Image via The Guardian
I’m a relative newcomer to the Netflix craze and as such, a relative newcomer to House of Cards. However, I can now say that I have finished watching all three seasons and boy, if House of Cards doesn’t challenge your views on politics, nothing will.
“We’ve been lying for a long time, Francis,”
“Of course we have. Imagine what the voters would think if we started telling the truth.”
House of Cards, Season 3, Chapter 38.
But of course it’s fictional. We’re talking about a television drama, for goodness sake.
Except, in an interview with Politico, Robin Wright, who plays Claire Underwood, revealed that “formidable” American politicians had admitted to her that the show was 99% accurate.
The only possible consolation I can find in a statement like that is that the interview took place before Season 2 and 3 had actually aired. Which isn’t exactly that much of a consolation. But it’s much better than the alternative.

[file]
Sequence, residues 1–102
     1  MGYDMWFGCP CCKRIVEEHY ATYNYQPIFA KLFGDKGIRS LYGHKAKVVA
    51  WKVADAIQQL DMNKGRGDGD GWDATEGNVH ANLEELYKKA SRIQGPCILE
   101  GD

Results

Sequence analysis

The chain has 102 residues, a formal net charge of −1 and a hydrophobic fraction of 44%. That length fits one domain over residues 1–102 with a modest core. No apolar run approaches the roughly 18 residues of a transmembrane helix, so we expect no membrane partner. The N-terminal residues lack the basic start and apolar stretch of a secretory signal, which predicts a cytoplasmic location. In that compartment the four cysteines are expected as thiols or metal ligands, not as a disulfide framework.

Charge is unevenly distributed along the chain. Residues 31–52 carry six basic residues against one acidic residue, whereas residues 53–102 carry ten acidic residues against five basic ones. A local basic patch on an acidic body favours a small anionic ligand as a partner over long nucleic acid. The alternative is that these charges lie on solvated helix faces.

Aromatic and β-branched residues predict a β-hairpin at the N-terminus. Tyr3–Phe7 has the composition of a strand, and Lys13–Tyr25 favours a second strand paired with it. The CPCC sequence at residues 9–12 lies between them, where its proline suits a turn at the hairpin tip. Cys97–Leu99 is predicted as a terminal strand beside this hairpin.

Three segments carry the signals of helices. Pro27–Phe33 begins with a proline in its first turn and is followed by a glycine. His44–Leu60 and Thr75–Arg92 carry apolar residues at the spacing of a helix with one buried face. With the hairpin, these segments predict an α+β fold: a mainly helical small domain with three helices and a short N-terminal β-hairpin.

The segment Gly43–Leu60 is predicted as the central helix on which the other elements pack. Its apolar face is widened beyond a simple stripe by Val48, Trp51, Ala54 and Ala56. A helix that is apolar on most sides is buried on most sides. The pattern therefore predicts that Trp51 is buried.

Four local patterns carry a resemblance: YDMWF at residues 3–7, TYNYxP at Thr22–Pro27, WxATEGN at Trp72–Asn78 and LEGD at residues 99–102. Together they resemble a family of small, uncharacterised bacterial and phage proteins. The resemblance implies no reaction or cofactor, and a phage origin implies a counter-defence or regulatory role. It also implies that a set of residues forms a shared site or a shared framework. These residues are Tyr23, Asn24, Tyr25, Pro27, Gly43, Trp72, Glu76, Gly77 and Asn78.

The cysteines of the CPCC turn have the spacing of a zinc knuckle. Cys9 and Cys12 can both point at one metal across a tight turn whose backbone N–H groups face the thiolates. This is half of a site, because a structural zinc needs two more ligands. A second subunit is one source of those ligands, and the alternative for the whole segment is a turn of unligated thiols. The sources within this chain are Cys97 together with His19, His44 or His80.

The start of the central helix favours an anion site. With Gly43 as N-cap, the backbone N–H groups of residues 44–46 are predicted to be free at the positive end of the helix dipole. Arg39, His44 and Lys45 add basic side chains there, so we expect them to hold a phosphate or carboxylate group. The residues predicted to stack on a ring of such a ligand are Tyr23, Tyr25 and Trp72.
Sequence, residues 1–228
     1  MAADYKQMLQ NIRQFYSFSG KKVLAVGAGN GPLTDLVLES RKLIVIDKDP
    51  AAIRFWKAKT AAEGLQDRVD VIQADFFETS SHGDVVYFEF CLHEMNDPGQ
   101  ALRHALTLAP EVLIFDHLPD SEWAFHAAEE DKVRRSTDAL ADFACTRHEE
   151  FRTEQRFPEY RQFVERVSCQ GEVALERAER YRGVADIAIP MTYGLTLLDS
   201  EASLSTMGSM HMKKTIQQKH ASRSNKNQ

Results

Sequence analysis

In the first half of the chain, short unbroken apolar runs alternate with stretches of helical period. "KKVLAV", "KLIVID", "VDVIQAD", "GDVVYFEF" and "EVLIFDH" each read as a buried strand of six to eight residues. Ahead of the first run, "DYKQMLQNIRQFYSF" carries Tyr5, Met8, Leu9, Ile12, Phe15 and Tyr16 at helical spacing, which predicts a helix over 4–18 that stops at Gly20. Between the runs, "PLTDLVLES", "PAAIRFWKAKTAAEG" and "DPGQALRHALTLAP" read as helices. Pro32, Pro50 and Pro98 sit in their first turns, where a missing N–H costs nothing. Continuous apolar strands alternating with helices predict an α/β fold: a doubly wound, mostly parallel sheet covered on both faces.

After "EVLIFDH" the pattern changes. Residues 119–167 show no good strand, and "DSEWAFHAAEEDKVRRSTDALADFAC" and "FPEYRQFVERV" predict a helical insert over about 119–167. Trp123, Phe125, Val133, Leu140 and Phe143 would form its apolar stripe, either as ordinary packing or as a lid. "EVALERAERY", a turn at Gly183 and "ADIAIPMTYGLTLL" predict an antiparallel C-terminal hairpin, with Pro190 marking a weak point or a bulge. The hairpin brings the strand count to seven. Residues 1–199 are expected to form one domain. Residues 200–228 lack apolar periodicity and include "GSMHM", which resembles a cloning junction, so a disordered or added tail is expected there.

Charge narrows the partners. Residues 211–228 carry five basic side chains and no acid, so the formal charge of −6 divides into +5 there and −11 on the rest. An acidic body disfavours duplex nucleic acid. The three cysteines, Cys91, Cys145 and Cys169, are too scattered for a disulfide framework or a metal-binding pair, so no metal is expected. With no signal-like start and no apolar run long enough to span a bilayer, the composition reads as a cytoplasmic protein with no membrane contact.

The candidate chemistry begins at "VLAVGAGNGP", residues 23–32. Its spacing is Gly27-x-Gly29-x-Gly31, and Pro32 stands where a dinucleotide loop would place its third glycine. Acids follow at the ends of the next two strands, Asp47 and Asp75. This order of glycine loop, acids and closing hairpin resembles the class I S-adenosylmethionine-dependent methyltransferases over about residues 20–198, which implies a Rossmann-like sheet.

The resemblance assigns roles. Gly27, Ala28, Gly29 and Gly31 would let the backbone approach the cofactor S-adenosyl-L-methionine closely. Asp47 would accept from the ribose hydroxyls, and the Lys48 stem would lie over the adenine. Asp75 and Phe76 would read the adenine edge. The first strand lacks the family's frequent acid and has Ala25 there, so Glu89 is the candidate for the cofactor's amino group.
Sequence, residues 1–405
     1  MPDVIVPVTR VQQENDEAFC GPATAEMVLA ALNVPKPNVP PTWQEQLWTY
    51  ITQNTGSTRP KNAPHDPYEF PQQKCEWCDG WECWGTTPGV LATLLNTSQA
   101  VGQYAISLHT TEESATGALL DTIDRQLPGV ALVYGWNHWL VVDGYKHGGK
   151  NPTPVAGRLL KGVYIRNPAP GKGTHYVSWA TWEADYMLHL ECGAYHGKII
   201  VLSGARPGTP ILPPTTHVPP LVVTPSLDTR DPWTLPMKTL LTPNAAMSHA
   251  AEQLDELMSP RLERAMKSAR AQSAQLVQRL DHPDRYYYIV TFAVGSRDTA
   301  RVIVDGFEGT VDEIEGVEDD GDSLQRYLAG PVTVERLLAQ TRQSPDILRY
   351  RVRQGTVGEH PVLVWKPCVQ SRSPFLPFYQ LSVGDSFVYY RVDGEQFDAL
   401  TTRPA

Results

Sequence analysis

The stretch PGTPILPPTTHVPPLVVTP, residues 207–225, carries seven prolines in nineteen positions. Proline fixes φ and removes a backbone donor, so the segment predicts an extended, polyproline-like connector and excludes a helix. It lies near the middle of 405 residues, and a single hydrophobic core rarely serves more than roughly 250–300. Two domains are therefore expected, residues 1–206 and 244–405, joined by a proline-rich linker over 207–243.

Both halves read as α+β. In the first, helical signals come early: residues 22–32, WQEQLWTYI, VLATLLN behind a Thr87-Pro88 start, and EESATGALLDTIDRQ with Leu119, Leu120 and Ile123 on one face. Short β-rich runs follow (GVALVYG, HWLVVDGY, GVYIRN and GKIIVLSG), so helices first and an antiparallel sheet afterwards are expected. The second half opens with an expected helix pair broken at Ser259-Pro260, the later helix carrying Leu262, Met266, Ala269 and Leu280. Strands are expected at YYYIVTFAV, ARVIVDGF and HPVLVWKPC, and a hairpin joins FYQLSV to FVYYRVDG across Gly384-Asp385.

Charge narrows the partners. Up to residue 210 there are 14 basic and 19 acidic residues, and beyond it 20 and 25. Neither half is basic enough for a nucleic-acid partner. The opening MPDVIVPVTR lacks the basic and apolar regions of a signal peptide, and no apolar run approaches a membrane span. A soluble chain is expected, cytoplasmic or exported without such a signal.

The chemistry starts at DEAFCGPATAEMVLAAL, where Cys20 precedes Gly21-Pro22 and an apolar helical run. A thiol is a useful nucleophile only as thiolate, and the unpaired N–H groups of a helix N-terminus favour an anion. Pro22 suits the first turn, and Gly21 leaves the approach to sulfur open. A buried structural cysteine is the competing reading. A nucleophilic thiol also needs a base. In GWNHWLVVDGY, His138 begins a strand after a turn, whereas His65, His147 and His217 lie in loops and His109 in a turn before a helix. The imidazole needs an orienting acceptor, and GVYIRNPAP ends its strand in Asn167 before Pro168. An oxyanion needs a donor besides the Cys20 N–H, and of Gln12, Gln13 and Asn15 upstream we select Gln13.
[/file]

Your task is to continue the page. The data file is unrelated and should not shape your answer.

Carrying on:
One aspect I really enjoyed about House of Cards was the narration given by Kevin Spacey’s character Frank Underwood. At often unexpected times, Frank turns to the camera and explains to the audience what he’s really thinking. For me, it gives the show an almost stage-like quality, where the actor has a direct link to the audience.
It reminds me a little of Australian TV show Offspring (which I was very excited to find out that it will be airing another season). In Offspring, we not only catch a glimpse of Nina’s neurotic thought life, we get to see enactments of her crazy and entertaining worries and fantasies.
Image via Tenplay
Perhaps it’s a type of bridge between standard television drama and novels. One of the reasons why I’ve always loved novels is that you get to experience what the characters are really thinking. Of course, TV dramas are never going to achieve anything to that same extent, but having that form of narration really does add an extra element to the story.
What do you think? What are your thoughts on House of Cards? Or Offspring for that matter!